Sunday, February 12, 2017

Drive - A Memoir 43nd Installment

year every other year was thwarted.

Reese was the principal and the seventh grade and eighth grade teacher. He changed my life, and the lives of everyone he taught. Because he was there so long (41 years) and in a small community, he would say things like “Your father would have answered the same way,” to a student or “I remember teaching your grandfather,” to a new first grader. Reese had nicknames for most of his students. When Russ and I were in eighth grade and seventh grade he called us Cussell and Racey (Russell and Casey) or the year before, he called Russell, Rustynails, and when I was in eighth grade, I was Case–o–beer which stuck with some friends and became my new nick name instead of Casey. His greater gift to me was the huge head start in high school. For the students that were willing to work hard, he would make a deal to teach both the seventh grade and eighth grade curriculum together when we were in the seventh grade, then teach as much high school level curriculum as we could absorb in the eighth grade. He also taught penmanship, real beautiful cursive handwriting, with enough practicing ‘push–pulls’ and ‘spiraling circles’ that even the boys wrote in a big round hand. In eighth grade he taught English, including sentence diagramming, algebra, geometry, US history, earth science, and physics with a bit of chemistry.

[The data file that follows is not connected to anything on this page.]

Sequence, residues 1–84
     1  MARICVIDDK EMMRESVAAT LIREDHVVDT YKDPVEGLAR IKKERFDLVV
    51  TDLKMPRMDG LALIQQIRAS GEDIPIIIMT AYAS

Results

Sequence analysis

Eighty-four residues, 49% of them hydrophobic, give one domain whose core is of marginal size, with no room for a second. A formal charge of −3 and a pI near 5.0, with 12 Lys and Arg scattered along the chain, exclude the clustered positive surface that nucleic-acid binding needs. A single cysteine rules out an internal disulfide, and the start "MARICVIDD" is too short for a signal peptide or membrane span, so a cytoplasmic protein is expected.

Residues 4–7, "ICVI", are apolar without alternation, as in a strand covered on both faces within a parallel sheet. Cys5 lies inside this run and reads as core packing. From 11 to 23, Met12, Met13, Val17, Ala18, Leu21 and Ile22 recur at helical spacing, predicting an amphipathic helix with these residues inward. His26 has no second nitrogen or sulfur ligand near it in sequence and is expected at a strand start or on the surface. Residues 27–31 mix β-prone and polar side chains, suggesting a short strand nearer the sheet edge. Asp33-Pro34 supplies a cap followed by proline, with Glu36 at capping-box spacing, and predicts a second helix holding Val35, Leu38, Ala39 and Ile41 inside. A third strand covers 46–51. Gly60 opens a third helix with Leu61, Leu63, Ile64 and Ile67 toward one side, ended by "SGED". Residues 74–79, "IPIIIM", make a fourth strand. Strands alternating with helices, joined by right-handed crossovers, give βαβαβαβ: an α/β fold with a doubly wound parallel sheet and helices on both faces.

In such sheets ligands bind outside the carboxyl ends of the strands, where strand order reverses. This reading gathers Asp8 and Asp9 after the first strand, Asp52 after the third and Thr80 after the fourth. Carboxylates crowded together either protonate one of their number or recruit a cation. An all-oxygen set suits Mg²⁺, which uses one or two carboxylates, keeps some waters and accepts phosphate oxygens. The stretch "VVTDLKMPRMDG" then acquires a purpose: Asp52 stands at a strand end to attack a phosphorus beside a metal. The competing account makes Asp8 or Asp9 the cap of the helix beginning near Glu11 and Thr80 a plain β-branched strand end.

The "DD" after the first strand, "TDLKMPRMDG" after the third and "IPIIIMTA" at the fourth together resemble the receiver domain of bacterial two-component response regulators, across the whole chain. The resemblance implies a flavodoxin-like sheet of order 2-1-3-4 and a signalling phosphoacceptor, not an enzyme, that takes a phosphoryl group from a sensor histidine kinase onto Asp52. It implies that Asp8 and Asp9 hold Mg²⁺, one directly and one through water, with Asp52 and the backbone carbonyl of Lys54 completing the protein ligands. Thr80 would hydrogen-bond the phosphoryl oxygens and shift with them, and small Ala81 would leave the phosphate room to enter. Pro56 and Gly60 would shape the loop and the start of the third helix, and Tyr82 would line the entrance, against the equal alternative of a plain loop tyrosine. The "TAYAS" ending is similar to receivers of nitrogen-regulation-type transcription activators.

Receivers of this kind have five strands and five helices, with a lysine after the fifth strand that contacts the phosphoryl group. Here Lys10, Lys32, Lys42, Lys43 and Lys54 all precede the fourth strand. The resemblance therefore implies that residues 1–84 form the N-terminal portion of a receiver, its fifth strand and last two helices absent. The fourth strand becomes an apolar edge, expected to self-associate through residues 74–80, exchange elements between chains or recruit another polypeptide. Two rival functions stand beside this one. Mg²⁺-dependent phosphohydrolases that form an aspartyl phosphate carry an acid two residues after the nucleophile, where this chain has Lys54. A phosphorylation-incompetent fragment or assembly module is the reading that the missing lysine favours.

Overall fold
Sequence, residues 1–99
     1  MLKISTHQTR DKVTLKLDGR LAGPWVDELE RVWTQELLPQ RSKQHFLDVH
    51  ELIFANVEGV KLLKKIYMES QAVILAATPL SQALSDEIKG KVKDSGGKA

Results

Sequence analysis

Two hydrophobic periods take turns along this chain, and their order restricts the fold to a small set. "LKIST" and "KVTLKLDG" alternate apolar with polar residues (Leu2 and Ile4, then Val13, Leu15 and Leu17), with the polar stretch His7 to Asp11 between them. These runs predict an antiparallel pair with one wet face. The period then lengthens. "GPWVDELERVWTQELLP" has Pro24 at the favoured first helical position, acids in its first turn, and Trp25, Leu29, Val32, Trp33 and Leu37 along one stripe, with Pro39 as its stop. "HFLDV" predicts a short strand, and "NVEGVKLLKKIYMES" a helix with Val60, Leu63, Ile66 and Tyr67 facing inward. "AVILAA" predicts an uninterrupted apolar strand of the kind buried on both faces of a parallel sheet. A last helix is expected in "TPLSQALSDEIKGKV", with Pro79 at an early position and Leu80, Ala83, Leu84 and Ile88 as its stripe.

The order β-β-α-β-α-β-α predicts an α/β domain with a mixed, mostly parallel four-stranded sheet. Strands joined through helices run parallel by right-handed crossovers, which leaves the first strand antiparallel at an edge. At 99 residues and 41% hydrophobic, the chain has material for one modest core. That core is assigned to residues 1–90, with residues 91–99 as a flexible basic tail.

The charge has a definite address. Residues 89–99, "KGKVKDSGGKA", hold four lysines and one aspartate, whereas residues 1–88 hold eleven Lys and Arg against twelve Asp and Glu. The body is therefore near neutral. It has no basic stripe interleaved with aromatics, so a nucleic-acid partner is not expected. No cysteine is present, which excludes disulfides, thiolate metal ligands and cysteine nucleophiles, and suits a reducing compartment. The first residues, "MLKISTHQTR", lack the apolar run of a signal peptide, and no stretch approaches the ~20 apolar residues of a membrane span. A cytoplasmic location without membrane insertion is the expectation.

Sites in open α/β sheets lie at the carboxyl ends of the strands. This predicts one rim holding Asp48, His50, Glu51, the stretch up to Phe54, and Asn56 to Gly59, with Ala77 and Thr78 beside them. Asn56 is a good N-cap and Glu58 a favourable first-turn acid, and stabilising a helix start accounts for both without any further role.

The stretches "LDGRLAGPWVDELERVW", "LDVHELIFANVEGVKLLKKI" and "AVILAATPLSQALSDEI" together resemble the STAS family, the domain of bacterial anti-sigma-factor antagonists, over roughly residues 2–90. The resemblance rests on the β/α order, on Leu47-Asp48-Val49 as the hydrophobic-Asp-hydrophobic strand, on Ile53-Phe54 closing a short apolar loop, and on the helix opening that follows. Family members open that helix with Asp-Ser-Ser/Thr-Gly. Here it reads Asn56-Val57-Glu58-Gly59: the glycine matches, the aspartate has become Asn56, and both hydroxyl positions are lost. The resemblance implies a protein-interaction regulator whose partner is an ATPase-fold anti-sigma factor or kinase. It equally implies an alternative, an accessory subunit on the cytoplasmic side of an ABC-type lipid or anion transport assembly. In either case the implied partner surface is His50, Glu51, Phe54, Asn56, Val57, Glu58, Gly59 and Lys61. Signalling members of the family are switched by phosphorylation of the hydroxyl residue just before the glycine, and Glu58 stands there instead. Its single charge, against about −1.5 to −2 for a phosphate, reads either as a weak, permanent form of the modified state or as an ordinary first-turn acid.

Chapter 10
Which one of you dumb heads forgot to take the hose off the hydrant?” Vernon interrogated me first, then Russell. Blaming me first was the usual pecking order and often a wise conclusion; I did more things, and therefore, just by the numbers, I made more mistakes. This time, though, I hadn’t done it and Russ hadn’t either. Linda? Ted, the neighbor? Vernon always blamed Ted every time he lost something or couldn’t figure what happened to something. He’d say, “That god damned Ted has it!” The truth was Ted basically never borrowed anything.
The hydrant is frozen and you guys will have to carry water until I can thaw it out,” he laid down the law. There were about forty cattle at that trough, and we’d have to carry a fifty gallon drum of water every day, but there was nothing to do but get at it, and after filling the cattle trough, we had to help with the frozen hydrant.

First, we carried boiling water and poured it over the hydrant. The temperature that day was about ten below zero, and we just made it real icy under foot. Then Vernon hooked his AC welder to the iron pipe, the stinger cable on top and the negative cable at ground level, and poured on the amperes. This heated the pipe quickly, and soon there was steam blowing out the spigot. “This isn’t going to work. It’s frozen too deep underground, we’re only boiling the water above ground,” he said gruffily,

500 more words tomorrow

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